Slate's Mistakes for the Week of July 9, 2012.

Slate's mistakes.
July 13 2012 5:44 AM


Slate's mistakes.

Red pen

Photograph by Gabriela Insuratelu.

In a July 13 “Sports Nut,” Josh Levin originally misstated the status of Penn State athletic director Tim Curley. He wasn’t fired and he didn’t resign under pressure. Rather, he is on administrative leave.

In a July 12 “Jurisprudence,” Randolph Cohen and Raymond Visvari incorrectly stated that some frequent fliers could skip security checkpoints altogether as a result of a new TSA program called PreCheck. According to the program, these frequent fliers are able to avail themselves of a greatly expedited, streamlined security inspection but not skip screening altogether.

In a July 12 "Jurisprudence," Emily Bazelon misstated the original date of the passing of the Clery Act as 1998. It passed in 1990 and was amended in 1998.

In the July 11 “Chromosomes,” Sam Kean misspelled the last name of Sir Edmund Hillary.

In the July 11 “History,” William McGowan mischaracterized Pauline Kael’s review of Victim, unfairly attributing anti-homosexual sentiments to her. It also wrongly claimed that her review ran in the New Yorker; she had not yet started writing for the New Yorker at the time she reviewed Victim. He also misstated the color of Edward Murphy’s sash. It was blue, not rainbow.

Because of a photo-provider error, a caption in a July 11 "Slatest" misidentified Michigan Gov. Rick Snyder as Mississippi Gov. Phil Bryant.

A July 11 “Trending News Channel” blog post repeated an error reported in other news outlets that the camera on the Euclid spacecraft had a capability of 586 million megapixels. The camera captures images of 576 megapixels.

In the July 10 “Explainer,” Forrest Wickman misidentified Gretchen Hamel as a Fox News contributor. Hamel is a frequent guest on Fox News but has no formal relationship with the network and is not paid to appear on its shows.

In a July 10 "Politics," David Weigel misstated the title of a D.C. councilmember and the building he works in. Vincent Orange is an at-large member, not council chairman; the council works from the John A. Wilson Building, not the Woodrow Wilson Building.

In a July 10 post on "The Slatest," Abby Ohlheiser mistakenly reported that the U.S. Episcopal Church had approved same-sex blessings. At the time, only one body of the church—the House of Bishops—had approved the blessings, and the measure still needed formal approval from the group's second body. In addition, this post misidentified the House of Bishops as the Chamber of Bishops.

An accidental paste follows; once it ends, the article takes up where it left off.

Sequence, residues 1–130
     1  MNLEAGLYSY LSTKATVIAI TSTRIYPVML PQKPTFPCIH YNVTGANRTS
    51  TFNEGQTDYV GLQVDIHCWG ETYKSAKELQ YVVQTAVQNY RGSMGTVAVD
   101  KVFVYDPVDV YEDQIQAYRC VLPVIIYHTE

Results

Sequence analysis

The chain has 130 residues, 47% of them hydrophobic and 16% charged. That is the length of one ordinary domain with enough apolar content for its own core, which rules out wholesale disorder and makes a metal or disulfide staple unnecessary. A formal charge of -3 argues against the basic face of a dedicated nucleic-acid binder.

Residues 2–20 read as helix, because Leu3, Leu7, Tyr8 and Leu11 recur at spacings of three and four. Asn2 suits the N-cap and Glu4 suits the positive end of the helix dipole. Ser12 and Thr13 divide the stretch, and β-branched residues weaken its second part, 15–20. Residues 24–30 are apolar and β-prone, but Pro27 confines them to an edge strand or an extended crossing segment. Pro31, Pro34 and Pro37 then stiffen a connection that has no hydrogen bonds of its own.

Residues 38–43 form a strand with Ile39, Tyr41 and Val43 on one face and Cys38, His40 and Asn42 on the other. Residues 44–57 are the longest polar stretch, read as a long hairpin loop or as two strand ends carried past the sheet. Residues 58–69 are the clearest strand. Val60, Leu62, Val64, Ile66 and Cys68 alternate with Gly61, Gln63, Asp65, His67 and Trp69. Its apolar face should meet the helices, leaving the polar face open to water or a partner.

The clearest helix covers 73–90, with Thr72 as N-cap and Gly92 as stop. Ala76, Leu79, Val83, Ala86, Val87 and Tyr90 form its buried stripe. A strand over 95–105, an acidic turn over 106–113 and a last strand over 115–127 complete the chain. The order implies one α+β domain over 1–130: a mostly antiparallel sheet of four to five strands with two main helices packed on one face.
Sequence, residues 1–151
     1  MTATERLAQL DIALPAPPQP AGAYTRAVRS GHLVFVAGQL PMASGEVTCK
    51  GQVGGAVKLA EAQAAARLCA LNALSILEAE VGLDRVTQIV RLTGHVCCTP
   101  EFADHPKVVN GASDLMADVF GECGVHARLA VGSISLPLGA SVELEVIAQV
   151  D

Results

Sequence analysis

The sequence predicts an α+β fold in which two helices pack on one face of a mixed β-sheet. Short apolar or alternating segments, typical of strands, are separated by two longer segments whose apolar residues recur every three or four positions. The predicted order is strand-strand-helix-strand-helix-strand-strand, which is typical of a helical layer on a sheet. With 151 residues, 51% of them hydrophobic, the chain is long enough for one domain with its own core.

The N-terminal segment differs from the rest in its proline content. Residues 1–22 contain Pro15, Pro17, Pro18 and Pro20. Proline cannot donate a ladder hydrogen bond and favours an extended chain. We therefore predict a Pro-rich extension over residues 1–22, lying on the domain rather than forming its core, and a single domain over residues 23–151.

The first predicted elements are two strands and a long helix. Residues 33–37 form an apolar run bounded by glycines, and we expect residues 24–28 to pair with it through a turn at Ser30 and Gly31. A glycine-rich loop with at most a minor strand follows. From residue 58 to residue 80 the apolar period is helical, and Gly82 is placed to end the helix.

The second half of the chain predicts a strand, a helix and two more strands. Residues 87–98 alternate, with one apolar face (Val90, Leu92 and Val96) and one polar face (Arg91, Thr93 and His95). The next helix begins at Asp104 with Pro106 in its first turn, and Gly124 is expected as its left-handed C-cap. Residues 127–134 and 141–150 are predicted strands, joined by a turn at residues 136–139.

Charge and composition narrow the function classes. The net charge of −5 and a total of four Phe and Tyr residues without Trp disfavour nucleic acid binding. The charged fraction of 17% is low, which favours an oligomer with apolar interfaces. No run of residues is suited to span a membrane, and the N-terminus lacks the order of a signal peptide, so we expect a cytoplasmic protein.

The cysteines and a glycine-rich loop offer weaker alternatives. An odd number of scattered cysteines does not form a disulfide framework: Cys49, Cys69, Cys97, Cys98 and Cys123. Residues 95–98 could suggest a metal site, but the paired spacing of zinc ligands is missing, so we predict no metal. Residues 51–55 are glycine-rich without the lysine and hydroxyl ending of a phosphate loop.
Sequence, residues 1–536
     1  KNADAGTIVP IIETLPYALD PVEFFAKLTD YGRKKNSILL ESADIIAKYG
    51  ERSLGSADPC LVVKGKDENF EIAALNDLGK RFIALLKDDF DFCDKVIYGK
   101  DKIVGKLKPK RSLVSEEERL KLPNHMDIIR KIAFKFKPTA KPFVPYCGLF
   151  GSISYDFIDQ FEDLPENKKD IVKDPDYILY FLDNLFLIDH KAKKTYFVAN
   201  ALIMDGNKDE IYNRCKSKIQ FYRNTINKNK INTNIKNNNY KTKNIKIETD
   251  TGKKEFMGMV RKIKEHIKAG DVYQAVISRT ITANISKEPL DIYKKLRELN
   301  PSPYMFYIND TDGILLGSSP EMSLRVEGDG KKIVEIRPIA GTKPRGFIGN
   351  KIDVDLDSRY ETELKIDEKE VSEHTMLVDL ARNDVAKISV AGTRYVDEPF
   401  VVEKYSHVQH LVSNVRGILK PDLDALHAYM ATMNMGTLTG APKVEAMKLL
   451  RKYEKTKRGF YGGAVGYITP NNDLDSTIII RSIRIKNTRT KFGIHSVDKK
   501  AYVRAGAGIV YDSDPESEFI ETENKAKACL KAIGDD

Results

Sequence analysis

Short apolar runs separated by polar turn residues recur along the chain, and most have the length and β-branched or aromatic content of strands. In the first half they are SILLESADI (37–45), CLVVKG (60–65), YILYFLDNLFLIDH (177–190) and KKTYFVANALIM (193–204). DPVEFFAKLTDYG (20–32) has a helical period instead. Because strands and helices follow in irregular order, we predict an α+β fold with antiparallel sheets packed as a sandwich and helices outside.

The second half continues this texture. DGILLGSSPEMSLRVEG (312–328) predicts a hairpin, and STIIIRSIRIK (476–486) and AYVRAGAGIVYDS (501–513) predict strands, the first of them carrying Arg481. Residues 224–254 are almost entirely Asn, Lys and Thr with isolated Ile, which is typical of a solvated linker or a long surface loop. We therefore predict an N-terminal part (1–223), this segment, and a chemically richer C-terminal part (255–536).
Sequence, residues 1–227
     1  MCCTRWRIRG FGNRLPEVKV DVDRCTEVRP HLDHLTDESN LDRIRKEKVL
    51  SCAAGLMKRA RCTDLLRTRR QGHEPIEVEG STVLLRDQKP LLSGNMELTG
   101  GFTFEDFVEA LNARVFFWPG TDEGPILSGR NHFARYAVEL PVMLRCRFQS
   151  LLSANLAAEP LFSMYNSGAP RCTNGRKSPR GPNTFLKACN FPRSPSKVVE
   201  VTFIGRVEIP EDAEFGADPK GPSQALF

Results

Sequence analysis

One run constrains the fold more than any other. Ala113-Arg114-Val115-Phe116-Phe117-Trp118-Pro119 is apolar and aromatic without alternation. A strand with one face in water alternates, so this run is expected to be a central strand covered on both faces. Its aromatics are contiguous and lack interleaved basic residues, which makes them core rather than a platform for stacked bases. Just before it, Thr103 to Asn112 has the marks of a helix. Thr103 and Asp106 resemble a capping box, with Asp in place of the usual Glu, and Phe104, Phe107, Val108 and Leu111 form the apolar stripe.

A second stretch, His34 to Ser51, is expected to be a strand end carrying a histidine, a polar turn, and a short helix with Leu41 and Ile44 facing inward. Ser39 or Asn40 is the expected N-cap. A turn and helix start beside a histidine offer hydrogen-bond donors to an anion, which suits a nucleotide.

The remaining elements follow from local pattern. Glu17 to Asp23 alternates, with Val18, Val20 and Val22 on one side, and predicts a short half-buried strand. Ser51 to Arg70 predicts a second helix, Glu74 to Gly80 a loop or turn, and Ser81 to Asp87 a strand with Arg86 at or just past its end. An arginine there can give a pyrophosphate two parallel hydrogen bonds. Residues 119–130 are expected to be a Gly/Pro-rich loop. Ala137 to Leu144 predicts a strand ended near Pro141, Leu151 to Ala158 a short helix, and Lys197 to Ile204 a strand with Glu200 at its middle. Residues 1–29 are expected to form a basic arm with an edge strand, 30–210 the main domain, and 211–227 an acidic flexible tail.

In the July 5 “Culturebox,” June Thomas incorrectly stated that closed captions are not visible on programming streamed to televisions from Netflix via the Roku player. Some Roku players are able to display captions on Netflix streaming content.

In a July 5 “Jurisprudence,” Emily Bazelon misidentified Richard Lazarus as a Georgetown law professor. He has recently moved to Harvard.

In the July 3 “Food,” Bob Nickas stated that Andy Warhol’s parents were Slovak immigrants. They emigrated from what is now Slovakia but were Carpatho-Rusyn, not Slovak.

In the April 14 “Longform,” Max Linksy misspelled writer Aleksandar Hemon’s last name.


Medical Examiner

The Most Terrifying Thing About Ebola 

The disease threatens humanity by preying on humanity.

I Bought the Huge iPhone. I’m Already Thinking of Returning It.

Scotland Is Just the Beginning. Expect More Political Earthquakes in Europe.

Students Aren’t Going to College Football Games as Much Anymore

And schools are getting worried.

Two Damn Good, Very Different Movies About Soldiers Returning From War

The XX Factor

Lifetime Didn’t Think the Steubenville Rape Case Was Dramatic Enough

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Blacks Don’t Have a Corporal Punishment Problem

Americans do. But when blacks exhibit the same behaviors as others, it becomes part of a greater black pathology. 

Why a Sketch of Chelsea Manning Is Stirring Up Controversy

How Worried Should Poland, the Baltic States, and Georgia Be About a Russian Invasion?

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